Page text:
In this article we will discuss about Viroids. After reading this article you will learn about: 1. Discovery of Viroids 2. Structure of Viroids 3. Multiplication.
- Discovery of Viroids
- Structure of Viroids
- Multiplication of Viroids
1. Discovery of Viroids:
Viroids were first discovered and given this name by Theodor Otto Diener (1971), a plant pathologist working at Agricultural Research Centre in Maryland. The first viroid to be identified was the Potato spindle Tuber Viroid (PsTVd). At present-33 species have been identified.
Viroids are known to cause different plant diseases. They move within a plant, probably in association with the host proteins via the phloem vascular channels and plasmodemata (cell contact points).
Viroids are transmitted by mechanical method, vegetative propagation and through pollens and seeds for e.g., Chrysanthemum stunt viroid (CSVd) is transmitted by vegetative propagation. Citrus exocortis viroid (CEVd), Hop stunt viroid (HSVd) is transmitted by mechanical method.
Avocado sun-blotch Viroid (ASBVd) is transmitted by seeds and pollens. Plot spindle tuber viroid (PSTVd) is transmitted at low frequency in a non-persistent manner by the aphid Macrosiphum euphorbiae. The only human disease known to be caused by a viroid is hepatitis D; in this case the viroid is enclosed in a hepatitis B virus capsule.
Viroids are classified in two groups: Avsunviroids e.g., Avocado Sun-blotch viroid and pospiviroids e.g., Potato spindle tuber viroid. Avsunviroids replicates in chloroplasts while pospiviroids replicates in nucleus and nucleolus.
2. Structure of Viroids:
Structure of viroid was first shown directly by electron microscope, Viroid’s are small, circular, single stranded RNA molecules. They consist a short stretch (a few hundred nucleobase) of highly complementary circular single stranded RNA without protein coat with molecular weight between 1,07,000 and 1,27,000. Viroid’s are 240 to 380 nucleotides long and all of them have dumb-bell structures (Fig. 1).
The smallest viroid is 220 nucleobase ScRNA (small cytoplasmic RNA) associated with the rice yellow mottle sobemovirus (RYMV) is reported.
H. J. Cross (1979) sequenced the nucleotide sequence of the Potato spindle Tuber Virus (PSTV). It consists of 359 ribonucleotides and is characterized by numerous intermolecular base pairings that lends ability in the structure. Structurally, the pospiviroid and Avsunviroid are also different. The pospiviroid has been divided into file structural/functional domains (Fig. 1).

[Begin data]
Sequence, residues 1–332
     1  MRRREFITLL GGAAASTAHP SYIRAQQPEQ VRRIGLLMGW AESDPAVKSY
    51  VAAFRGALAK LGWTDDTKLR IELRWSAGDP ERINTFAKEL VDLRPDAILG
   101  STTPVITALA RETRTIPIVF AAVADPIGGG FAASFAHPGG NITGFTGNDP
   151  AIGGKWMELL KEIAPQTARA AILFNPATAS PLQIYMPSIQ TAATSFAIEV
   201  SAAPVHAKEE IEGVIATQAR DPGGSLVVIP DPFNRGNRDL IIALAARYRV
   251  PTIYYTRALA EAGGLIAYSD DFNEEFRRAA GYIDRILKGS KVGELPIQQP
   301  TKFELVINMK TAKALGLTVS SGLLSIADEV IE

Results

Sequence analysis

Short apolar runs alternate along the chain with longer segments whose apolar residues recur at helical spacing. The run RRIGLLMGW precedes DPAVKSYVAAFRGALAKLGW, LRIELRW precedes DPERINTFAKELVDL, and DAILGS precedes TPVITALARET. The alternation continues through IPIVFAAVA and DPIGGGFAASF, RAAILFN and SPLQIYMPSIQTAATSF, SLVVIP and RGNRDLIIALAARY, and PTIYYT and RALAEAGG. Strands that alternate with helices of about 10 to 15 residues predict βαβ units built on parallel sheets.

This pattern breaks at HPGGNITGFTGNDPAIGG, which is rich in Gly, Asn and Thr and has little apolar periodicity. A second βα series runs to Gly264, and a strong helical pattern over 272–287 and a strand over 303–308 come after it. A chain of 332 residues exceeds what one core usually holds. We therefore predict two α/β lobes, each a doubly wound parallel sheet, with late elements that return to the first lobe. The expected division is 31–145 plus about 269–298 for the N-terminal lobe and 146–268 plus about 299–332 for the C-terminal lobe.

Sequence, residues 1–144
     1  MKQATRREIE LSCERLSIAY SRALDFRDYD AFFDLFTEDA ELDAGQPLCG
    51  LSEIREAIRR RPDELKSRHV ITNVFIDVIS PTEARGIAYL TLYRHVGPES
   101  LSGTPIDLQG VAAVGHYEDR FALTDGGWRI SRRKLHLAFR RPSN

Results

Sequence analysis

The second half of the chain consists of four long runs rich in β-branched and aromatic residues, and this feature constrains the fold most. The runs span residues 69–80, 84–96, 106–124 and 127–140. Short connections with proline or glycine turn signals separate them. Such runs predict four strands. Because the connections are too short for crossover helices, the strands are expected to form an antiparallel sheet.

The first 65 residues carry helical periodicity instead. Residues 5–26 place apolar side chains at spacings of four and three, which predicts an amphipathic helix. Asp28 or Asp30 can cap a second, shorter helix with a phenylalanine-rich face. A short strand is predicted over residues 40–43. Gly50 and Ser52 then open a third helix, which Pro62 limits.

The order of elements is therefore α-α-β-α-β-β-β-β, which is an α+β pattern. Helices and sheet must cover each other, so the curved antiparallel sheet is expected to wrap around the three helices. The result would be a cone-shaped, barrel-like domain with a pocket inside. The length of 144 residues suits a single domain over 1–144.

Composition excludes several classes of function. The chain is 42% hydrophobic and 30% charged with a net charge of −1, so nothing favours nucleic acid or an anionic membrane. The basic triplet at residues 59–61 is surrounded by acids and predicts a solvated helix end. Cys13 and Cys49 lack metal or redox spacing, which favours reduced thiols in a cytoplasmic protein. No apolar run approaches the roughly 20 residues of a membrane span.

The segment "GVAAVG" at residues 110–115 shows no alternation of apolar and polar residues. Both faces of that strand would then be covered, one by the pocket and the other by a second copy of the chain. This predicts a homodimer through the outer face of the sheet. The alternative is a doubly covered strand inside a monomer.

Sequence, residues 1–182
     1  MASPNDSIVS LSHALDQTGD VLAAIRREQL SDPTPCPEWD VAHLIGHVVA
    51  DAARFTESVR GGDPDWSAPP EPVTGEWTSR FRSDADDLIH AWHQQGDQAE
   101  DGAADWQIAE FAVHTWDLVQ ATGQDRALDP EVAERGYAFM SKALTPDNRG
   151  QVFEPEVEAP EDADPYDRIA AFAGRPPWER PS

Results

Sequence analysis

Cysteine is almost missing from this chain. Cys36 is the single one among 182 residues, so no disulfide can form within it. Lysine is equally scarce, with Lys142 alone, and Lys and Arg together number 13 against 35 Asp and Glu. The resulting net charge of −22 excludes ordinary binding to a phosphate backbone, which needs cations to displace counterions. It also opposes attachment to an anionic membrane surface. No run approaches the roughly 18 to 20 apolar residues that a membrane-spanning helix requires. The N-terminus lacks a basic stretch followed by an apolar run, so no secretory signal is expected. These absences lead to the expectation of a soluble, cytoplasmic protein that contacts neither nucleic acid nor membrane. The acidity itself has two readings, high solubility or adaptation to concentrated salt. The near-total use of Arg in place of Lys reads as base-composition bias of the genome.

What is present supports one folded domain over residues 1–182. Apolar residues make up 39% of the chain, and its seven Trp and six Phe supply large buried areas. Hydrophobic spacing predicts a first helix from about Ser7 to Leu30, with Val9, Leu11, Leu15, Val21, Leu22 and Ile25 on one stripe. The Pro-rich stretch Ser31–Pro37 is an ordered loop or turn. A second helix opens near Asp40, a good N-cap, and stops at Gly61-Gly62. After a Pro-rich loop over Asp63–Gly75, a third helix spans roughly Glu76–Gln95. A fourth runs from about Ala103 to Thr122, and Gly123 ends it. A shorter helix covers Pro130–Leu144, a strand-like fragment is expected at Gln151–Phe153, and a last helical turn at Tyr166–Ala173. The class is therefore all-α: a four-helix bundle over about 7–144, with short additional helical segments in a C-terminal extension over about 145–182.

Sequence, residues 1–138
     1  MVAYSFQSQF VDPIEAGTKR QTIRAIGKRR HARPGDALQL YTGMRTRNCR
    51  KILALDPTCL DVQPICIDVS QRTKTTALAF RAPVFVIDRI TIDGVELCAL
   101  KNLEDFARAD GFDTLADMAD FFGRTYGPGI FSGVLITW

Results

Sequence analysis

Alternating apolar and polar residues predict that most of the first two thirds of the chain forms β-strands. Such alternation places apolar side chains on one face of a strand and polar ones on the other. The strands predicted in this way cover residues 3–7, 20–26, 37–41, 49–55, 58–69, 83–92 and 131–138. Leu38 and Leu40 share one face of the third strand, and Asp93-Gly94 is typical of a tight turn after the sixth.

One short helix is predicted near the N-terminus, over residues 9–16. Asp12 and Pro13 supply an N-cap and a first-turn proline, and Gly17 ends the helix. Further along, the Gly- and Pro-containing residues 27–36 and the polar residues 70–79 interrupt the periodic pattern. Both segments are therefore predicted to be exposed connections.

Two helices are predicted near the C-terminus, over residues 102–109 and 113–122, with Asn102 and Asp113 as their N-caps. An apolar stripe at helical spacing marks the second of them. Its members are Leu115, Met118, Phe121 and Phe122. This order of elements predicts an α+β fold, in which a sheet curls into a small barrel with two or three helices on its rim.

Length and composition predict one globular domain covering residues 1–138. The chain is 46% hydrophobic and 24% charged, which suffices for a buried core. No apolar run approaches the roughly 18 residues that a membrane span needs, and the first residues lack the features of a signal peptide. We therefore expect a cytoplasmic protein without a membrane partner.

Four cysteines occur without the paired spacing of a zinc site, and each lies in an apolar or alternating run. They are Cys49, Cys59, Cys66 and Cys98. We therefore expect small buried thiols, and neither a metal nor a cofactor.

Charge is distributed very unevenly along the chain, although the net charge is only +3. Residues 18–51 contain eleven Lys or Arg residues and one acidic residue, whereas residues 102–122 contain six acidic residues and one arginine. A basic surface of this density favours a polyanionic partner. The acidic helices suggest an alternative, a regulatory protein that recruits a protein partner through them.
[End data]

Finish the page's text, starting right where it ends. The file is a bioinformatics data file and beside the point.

1. Conserved central domain.
2. Pathogenic domain
3. Variable domain
4. Left terminal domain, and
5. Right terminal domain.
The structural domains are related to specific functions. The conserved central domain, mainly the upper strand is involved with cleavage and ligation of RNA. The left and right domain still waits for the function. Members of the avsunviroid group are different from the structure described above. They lack a conserved central Domain (CCR) and possess a ribozyme activity (a ribozyme is a catalytic RNA molecule, in the case RNA cleavage in the ribozymic activity).
3. Multiplication of Viroids:
Viroid RNA does not code for any protein. They replicate automatically and spread in the plant by recruiting host proteins. Three enzymatic activities are required for viroid replication: RNA pol. II, RNAase and RNA ligase.
The two groups of viroids replicate by two different methods:
Avsunviroids replicates via symmetric rolling circular mechanism (Fig. 2). The positive circular RNA strand of viroid serves as a template to make a large, multimetric -ve strand. Probably it is done by the activity of RNA pol II enzyme.
Avsunviroid replication of the long ─RNA is self-cleaved by the associated ribozyme activity. RNA circularize to form a -ve circle. A second rolling circle event makes a long +ve strand which is again cleaved by ribozyme activity.
The short viroid RNA is then ligated to the circular form. Pospiviroids with an asymmetric pathway make +RNA from the long linear molecule. A host RNA Ase activity cleaves the + strand into unit viroid length. The molecule is then cleaved to form a circular viroid.